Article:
On July 16, Plymouth’s militia, commanded by Captain James Cudworth, began to pursue Philip, narrowly failing to capture him on several occasions. They were forced to give up as men were needed to bring in the harvest. This allowed Philip to strengthen his troops by spreading the word of war to other tribes in central and western Massachusetts, and King Philip’s War soon spread throughout New England. The Indians’ offensive did not last long, though, as they were dealing with an organized society that had greater resources and manpower. During the summer of 1676, Indian attacks slowed almost to a halt. Soon after, Philip was killed by a Christian-convert Indian. Rebuilding began at once, and although no town was economically ruined, the war had cost New England numerous casualties and tremendous property loss.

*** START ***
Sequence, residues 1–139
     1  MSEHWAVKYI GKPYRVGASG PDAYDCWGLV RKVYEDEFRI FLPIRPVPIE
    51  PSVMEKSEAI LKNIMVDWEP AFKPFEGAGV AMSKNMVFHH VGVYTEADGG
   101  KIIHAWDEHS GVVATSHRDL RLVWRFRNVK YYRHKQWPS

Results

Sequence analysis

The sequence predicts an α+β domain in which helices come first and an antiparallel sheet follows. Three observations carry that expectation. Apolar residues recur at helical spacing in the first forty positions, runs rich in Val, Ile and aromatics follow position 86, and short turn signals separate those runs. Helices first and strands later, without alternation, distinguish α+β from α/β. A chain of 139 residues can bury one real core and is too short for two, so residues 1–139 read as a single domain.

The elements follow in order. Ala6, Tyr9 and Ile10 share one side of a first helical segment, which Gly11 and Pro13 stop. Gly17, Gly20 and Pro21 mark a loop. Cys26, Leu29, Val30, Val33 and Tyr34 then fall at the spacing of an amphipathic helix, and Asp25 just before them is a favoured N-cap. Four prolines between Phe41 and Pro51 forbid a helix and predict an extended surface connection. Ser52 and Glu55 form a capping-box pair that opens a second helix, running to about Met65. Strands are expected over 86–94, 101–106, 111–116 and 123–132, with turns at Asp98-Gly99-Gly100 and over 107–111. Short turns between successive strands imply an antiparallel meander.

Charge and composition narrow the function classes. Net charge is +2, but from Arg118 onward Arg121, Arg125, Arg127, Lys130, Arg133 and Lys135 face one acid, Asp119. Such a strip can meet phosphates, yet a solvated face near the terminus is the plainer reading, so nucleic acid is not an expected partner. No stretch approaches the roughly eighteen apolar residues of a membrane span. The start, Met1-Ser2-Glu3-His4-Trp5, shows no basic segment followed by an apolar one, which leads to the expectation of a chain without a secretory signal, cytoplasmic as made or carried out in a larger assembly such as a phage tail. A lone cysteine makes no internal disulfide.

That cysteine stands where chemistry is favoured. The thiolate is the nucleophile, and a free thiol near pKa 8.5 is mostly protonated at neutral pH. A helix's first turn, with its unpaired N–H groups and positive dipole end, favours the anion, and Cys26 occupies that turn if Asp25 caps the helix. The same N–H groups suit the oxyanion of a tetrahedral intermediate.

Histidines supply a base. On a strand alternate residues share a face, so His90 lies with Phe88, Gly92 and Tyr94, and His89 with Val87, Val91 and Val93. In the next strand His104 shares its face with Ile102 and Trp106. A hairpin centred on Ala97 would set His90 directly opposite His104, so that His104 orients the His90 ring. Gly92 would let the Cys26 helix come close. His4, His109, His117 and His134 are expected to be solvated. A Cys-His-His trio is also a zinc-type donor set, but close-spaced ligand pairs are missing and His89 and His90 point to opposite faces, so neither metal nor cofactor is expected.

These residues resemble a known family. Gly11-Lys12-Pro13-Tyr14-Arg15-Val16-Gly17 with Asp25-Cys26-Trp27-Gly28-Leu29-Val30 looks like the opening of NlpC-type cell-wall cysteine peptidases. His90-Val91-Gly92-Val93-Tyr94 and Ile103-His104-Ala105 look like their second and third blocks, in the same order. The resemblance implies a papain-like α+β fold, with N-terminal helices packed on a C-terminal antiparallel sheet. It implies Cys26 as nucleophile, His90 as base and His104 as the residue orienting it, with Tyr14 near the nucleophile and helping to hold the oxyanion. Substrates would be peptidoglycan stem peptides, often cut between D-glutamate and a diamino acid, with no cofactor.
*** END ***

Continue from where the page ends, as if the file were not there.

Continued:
After the war, Plymouth tried to secure Mount Hope, an area formerly occupied by the Wampanoag. They found this annexation difficult, however; no royal charter outlining certain title to their lands had ever been granted. In 1680, after several negotiations with England, they were granted title to the area, yet still no official charter. Governor Winslow took it upon himself to draw up a proposed charter, granting all persons in the colony the same freedoms and immunities allowed to native-born Englishmen. When England replied, it was with a different proposition: the colony would consolidate with Massachusetts and retain Winslow as governor.
With barely a chance to consider the proposal, Winslow died and was succeeded by Thomas Hinckley, who had served under him as deputy governor. At that time, Plymouth was undergoing its own internal reorganization, and much of Hinckley’s attention was drawn away from the problems of consolidation. In 1685, Plymouth’s first county courts were established, modernizing the colony’s entire judicial system.